November Fall Gratitude Leaves Classroom Project

November Gratitude Leaves, Teachers File Drawer, literatelives.wordpress.com

Tomorrow begins one of my favorite class activities of the whole school year–the daily posting of “gratitude leaves” on our windows.

Why do I love it so? Well, visually, the month of November in Oregon is terribly gloomy. With this practice, the gloom outdoors is gradually obscured by brightly colored leaves.

Even more so, here in the U.S., Thanksgiving falls in November, and so it seems appropriate to focus our thinking on things for which we are grateful.

Most significantly, Studies have shown that people who are grateful tend to live happier, healthier lives. I want the best for my students, and as the holidays make life more hectic, I need to remember I have so much to be grateful for!

What are Gratitude Leaves?

They are individual paper leaves, that we as staff cut out in a variety of shapes and colors. Each day, at the beginning of the school day, we pass out a single leaf to each students and every adult present. Then everyone writes one thing they are grateful for and tapes their leaves to the window. We continue to do this until we break for Thanksgiving.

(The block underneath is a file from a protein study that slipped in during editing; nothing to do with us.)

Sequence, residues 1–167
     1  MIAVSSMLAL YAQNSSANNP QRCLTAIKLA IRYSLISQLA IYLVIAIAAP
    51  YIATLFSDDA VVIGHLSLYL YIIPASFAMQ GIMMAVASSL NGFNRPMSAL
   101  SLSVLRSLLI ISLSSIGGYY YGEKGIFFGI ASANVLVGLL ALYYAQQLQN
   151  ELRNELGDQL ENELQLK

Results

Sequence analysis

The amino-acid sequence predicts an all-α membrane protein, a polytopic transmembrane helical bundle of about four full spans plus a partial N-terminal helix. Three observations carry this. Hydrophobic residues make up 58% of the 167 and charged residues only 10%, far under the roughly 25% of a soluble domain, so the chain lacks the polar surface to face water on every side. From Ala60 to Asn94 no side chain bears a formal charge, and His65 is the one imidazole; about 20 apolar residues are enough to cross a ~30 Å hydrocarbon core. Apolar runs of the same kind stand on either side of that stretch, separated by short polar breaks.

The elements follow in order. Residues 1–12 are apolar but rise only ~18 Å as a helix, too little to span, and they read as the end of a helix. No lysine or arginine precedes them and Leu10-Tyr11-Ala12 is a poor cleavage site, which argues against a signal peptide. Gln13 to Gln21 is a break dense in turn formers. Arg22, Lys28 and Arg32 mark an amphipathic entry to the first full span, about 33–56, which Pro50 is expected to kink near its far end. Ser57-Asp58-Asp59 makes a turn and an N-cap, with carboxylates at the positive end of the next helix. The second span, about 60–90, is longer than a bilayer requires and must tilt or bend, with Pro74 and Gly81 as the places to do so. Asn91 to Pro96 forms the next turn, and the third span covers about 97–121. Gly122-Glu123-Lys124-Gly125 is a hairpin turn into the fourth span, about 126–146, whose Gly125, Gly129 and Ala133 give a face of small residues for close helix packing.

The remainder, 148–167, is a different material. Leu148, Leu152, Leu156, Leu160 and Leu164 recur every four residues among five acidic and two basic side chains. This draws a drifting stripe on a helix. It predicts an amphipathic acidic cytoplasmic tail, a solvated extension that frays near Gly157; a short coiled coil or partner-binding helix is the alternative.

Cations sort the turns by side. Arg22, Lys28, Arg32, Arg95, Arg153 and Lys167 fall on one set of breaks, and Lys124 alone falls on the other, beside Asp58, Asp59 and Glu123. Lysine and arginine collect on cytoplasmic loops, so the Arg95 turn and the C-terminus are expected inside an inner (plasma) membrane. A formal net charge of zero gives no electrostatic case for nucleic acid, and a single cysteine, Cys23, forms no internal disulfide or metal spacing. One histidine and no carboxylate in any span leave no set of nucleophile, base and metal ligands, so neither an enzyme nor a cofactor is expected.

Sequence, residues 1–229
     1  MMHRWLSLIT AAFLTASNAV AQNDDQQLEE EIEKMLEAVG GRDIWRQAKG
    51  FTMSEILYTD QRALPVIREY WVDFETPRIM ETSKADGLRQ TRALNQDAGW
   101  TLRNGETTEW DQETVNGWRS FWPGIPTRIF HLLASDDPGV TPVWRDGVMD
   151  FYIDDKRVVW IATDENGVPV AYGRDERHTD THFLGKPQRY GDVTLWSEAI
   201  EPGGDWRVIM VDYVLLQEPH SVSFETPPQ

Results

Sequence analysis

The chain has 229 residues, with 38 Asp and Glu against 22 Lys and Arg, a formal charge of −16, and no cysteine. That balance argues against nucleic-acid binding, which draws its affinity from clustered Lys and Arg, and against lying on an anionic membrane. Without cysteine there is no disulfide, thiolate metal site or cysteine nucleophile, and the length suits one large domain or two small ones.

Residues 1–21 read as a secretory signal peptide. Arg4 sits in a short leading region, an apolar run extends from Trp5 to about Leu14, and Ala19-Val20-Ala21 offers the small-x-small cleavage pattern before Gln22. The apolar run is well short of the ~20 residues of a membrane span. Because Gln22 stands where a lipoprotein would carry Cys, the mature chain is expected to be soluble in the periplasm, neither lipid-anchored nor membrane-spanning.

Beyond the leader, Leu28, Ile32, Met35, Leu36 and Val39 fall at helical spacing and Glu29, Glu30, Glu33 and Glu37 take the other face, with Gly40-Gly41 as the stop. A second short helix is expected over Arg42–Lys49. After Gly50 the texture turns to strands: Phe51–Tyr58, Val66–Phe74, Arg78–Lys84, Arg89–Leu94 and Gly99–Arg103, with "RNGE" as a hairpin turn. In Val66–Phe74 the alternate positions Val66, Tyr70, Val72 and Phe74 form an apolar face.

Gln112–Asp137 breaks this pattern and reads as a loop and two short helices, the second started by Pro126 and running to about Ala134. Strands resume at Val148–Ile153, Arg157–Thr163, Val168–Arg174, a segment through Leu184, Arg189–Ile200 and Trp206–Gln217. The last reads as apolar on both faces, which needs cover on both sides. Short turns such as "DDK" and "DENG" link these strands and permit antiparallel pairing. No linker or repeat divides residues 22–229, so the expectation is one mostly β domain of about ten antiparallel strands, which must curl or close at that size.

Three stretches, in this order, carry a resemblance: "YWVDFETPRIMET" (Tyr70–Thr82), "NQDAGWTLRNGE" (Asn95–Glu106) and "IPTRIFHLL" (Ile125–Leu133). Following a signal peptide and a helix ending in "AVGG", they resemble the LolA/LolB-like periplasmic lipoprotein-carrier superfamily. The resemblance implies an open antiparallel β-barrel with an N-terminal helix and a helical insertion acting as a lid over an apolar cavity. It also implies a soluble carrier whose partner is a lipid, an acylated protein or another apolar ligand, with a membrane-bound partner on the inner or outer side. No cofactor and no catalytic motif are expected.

By the time Thanksgiving break comes our windows glow with beautiful autumn colors as the western light shines through them.

My Gratitude Leaves, 2016

Here is what I wrote on my leaves last year:

  • I am grateful to have a husband who loves me and who is my friend and partner in life.
  • I am thankful Emmy snuggled with David and I to watch the family Halloween movie.
  • I am thankful that using the treadmill yesterday woke me up enough to get my work done.
  • I am thankful for my Grandparents and the way their love helped shape who I am.
  • I am grateful to be a child of God.
  • I am thankful for my delightful Grandkids.
  • I am grateful for my college education.
  • I am grateful to have a mother who loved to read, that learning to read came easily to me, and I have had ample access to books.
  • I am thankful for my charming, delightful, funny, marvelous grandchildren
  • I am thankful for chocolate.
  • I am thankful that I know how to read and have access to books!
  • I am thankful to be able to come back to work.
  • I am grateful for parents who love me.
  • Today is my writing day!

Your Turn

Today is my writing day! However, before I move on

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Alack and Alas…A Change of Schedule

New Blog Schedule: Literate Lives

Alack and Alas…

It has been fun blogging twice per week through my recovery from mono and over the summer, however, like summer itself, this too must come to an end.

While I love blogging, sharing my life, my reading, my love of writing, and my encouragement for parents and educators, I will be returning to the class room as an educator and will therefore have less free time for blogging.

A Temporary New Schedule